'Sussex Heights' is one of the tallest buildings on the south coast. It  dominates the city from many angles, although distance tends to lend a certain element of enchantment. It has 115 luxury apartments on 24 floors plus a penthouse. An "urban legend" circulates that many of the apartments are only occupied for the summer months and thus its contribution to the local economy is considerably smaller than might be imagined. 

Thursday, 21 April 2011

Lesbians to take Brighton hotel to court.

Two lesbians who were denied a double room at a hotel are launching a legal challenge with the help of civil liberty advocates.
Rebecca Nash and Hope Stubbings were allegedly denied the hotel room at the Brunswick Square Hotel in Brighton because it only accepted 'couples and families'.
"Laws prohibiting hotels and guesthouses from discriminating against gay men and lesbians have been in place for four years now, but clearly the message still isn't getting through," said James Welch, legal director of Liberty, which is bringing legal proceedings against the hotel on the couple's behalf.
"With the Equality Act 2010 now in force, my clients intend to show that they have as much right to enjoy a quiet weekend away together as any other couple."

Read more from article by Ian Dunt in politics.co.uk.

Wednesday, 20 April 2011

The seafront 'paintathon' has begun . . .

Before
After
Work started at the Palace Pier only a few days ago and seems to have progressed along the promenade at a great rate. So for a little while the railings will look a lot better. Perhaps this is the most one can hope for when dealing with cast-iron in a seaside location.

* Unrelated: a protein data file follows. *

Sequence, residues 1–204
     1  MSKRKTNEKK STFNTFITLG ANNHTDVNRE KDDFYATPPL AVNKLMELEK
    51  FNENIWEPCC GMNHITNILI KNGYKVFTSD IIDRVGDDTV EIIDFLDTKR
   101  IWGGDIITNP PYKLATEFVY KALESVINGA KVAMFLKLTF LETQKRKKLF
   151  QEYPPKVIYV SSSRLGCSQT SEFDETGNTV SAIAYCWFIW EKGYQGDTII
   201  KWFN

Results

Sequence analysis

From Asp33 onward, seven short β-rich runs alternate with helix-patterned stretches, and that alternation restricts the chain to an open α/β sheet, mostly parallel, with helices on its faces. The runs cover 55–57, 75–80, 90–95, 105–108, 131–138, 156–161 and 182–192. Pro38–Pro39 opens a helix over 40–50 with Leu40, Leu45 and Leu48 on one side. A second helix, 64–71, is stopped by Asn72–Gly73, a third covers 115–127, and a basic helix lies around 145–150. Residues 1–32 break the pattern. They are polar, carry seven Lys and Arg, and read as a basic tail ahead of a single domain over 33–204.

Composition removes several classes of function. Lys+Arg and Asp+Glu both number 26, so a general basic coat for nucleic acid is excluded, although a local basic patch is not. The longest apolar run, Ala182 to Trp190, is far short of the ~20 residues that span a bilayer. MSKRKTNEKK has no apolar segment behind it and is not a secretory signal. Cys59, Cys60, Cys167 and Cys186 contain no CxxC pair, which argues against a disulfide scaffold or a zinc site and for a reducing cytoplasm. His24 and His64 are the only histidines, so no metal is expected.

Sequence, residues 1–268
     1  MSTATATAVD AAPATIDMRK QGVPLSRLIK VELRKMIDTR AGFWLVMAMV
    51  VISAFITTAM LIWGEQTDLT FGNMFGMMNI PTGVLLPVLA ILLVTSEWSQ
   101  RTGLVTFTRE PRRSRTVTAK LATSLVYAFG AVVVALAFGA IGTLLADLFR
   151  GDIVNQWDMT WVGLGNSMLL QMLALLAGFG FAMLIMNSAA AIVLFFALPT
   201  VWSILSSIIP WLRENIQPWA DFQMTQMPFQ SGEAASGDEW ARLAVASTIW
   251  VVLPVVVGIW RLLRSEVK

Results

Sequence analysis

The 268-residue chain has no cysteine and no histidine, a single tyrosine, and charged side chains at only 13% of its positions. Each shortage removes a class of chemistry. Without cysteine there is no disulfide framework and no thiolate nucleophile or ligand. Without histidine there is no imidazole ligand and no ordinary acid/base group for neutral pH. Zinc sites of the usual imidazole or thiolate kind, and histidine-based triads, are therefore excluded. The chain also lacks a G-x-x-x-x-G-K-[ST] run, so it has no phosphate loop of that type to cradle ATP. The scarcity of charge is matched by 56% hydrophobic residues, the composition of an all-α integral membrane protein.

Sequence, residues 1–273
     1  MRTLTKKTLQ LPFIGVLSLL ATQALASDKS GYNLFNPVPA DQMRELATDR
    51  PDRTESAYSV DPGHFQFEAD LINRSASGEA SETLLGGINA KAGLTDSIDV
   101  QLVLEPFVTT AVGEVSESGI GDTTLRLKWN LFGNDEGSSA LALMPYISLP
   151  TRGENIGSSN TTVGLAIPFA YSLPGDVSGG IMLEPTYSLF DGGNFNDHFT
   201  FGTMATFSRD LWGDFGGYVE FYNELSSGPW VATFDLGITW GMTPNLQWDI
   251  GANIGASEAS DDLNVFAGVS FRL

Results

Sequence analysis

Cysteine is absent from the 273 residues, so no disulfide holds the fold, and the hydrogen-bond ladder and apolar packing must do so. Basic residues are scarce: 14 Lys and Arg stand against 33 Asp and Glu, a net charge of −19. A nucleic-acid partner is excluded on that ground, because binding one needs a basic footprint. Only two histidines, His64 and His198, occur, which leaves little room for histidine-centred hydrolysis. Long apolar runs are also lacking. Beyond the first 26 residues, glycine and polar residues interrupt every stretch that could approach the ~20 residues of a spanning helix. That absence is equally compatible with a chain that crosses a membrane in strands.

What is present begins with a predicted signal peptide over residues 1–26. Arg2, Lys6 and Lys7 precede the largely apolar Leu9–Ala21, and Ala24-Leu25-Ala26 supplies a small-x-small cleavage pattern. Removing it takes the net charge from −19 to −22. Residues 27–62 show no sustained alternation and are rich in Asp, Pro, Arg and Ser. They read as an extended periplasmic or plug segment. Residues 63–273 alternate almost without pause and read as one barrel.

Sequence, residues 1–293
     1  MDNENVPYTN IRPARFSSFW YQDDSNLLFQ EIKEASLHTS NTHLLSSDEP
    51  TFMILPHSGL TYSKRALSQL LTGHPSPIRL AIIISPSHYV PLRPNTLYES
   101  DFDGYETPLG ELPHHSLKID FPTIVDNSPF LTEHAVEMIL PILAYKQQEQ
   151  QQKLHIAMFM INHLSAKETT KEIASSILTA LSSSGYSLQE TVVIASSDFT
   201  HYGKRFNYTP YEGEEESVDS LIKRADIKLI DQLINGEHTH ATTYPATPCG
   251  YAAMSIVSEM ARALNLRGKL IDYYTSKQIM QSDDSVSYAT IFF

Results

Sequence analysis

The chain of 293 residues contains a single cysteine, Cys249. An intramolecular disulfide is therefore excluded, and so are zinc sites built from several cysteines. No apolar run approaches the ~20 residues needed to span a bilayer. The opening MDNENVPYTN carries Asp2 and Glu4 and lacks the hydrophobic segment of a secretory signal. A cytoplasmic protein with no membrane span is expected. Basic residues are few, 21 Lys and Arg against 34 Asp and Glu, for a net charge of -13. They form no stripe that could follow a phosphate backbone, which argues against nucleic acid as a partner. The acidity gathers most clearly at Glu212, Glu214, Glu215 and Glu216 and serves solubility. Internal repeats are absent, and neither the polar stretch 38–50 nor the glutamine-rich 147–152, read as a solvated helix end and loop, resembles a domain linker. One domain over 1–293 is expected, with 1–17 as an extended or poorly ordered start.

Spring in Brighton


A nice video from THEPODULE in 2008.

Tuesday, 19 April 2011

Plans to develop empty Kings Road hotel

On the corner of Little East Street stands the Grade II listed Dr. Brighton's and next door is the boarded-up Charter Hotel which occupied nos.12-15A Kings Road.  It is quite an eyesore and there are now proposals to convert it into; 14 serviced apartments catering for corporate guests, a ground floor bar and restaurant, and a basement bar/nightclub.

The proposals retain the present front elevations apart from the addition of an extra storey. This entails another row of windows contained within a mansard roof as shown in the drawing below. The effect on the roofscape will not be negligible and the drawing is misleading in that, assuming the chimneys are to be retained unaltered, it has exaggerated their heights. Mansards have been added to many period properties around the city with varying degrees of aesthetic success. This proposal is perhaps borderline acceptable, but the planning committee should insist on accurate drawings.

A planning decision is expected by June 7th.

Planning Application; BH2011/00804.
Argus report

Monday, 18 April 2011

The Sussex County Cricket Club

In the excitement of the Seagulls' promotion and the completion of its new stadium it shouldn't be forgotten that the City is home to the oldest County Cricket side in the country and that its home ground at Hove, the PROBIZ, has just been given a splendid revamp in time for the coming season.